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Top Chip Designing Firm Arm Produces Its Own Sophisticated Semiconductor Prototypes

Top Chip Designing Firm Arm Produces Its Own Sophisticated Semiconductor Prototypes
Chip designer Arm, a SoftBank-owned company, is creating its own chip to demonstrate the possibilities of its designs as it looks to expand after a successful IPO later this year.
According to those briefed on the development, the corporation will collaborate with manufacturing partners to produce the new chip. They describe it as the most sophisticated chipmaking endeavour the Cambridge-based organisation has ever undergone.
The initiative comes as SoftBank works to increase Arm's profits and draw investors to a planned IPO on the Nasdaq exchange in New York.
Instead of engaging directly in the design and production of semiconductors, the corporation typically sells its blueprint designs to chip manufacturers.
It is hoped that the prototype will enable it to show the larger market the strength and potential of its concepts.
With partners like Samsung and Taiwan Semiconductor Manufacturing Co., Arm has previously created several test chips, mostly to help software developers become more familiar with new products.
However, other business leaders told the Financial Times that the company's most recent chip, on which it only recently began working, is "more advanced" than anything else. According to them, Arm has also assembled a larger team to carry out the project and is concentrating on chip manufacturers rather than software developers while developing the product.
According to insiders briefed on the plan, the business has established a new "solutions engineering" team that will oversee the development of these prototype processors for mobile phones, laptops, and other electronics.
Veteran of the chip business Kevork Kechichian, who joined Arm's top executive team in February, is in charge of the solutions engineering division. Prior to joining Qualcomm, he worked with chipmakers NXP Semiconductors and NXP Semiconductors, where he oversaw the creation of Qualcomm's flagship Snapdragon processor.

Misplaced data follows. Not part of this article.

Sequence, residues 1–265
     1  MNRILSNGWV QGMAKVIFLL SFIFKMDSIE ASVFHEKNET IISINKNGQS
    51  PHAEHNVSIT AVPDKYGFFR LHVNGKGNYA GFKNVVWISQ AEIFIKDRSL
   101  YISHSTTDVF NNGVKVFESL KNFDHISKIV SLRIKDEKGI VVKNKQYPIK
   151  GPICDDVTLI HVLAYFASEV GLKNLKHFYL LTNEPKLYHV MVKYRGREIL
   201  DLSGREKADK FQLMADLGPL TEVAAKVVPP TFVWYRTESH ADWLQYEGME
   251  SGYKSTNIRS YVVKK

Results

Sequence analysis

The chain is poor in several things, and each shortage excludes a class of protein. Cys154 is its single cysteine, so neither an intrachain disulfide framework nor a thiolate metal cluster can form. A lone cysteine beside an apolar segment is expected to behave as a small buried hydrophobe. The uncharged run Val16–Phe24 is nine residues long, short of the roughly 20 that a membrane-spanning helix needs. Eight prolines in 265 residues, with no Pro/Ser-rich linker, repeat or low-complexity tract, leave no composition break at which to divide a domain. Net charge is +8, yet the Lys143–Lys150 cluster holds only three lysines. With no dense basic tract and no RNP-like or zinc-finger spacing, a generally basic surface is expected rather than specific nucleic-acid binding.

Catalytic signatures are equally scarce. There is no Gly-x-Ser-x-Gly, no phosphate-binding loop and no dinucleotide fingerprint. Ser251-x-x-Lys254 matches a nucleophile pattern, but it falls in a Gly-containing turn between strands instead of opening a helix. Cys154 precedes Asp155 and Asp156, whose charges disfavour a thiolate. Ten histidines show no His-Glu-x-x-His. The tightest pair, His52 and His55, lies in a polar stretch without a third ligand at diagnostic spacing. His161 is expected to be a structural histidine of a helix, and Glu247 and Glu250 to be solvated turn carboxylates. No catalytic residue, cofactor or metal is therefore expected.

The group will also broaden Arm's current initiatives to improve design performance and security and to increase developer access to its devices.
Rumours regarding Arm's chip-making activities have raised concerns in the semiconductor industry that, if it produces a high-quality chip, it may try to sell it in the future and so challenge some of its biggest clients, like MediaTek or Qualcomm.
According to those close to Arm, the company is just developing a prototype and has no ambitions to market or licence the product. Arm choose not to respond.
Any attempt to produce chips for wider commercial distribution would jeopardise Arm's status as the "Switzerland" of the semiconductor sector, selling designs to virtually all manufacturers of mobile device chips without engaging in direct competition with them.
More than 95% of smartphones contain its goods thanks to its impartial business approach, which has attracted clients including Qualcomm, MediaTek, and Apple.
“Working on intellectual property is one thing but really designing and working with production partners to turn those efforts into physical chips is a totally different arena. It’s more capital intensive,” a former Arm executive with knowledge of the effort told the FT. “At some point in the future [Arm] will definitely need returns to justify that massive investment.”
SoftBank's drive for expansion has prompted Arm to look for modifications to its business procedures. The FT revealed last month that the chip designer has attempted to raise pricing and change its business model by charging royalties to device-makers rather than some of its chipmaker clients.
The "significant concentration" of Arm's customer base was identified as a major risk to the business in its annual report, which was released last week. The loss of a few large clients might have a big impact on the group's expansion because Arm's top 20 clients made up 86% of its income last year.
When Arm issued that warning, it was in the midst of a contentious legal battle with Qualcomm, one of its biggest clients, over Qualcomm's alleged exploitation of several of Arm's designs without the proper authorization.
A major worry in the market is that Apple, Arm's biggest client, is producing its own processors that surpass those of rival manufacturers Qualcomm and MediaTek.
“Google thought it could demonstrate the world’s best Android OS so it built the Pixel phone. Microsoft thought it was the master of Windows so it built Surface laptops. So, naturally, Arm thinks it can build best-in-class Arm-based chips, better than chip developers out there,” said Brady Wang, a semiconductor analyst with Counterpoint Research.
But according to Wang, creating chips is even more difficult than creating gadgets. "Generation after generation of development efforts will be required."

Christopher J. Mitchell

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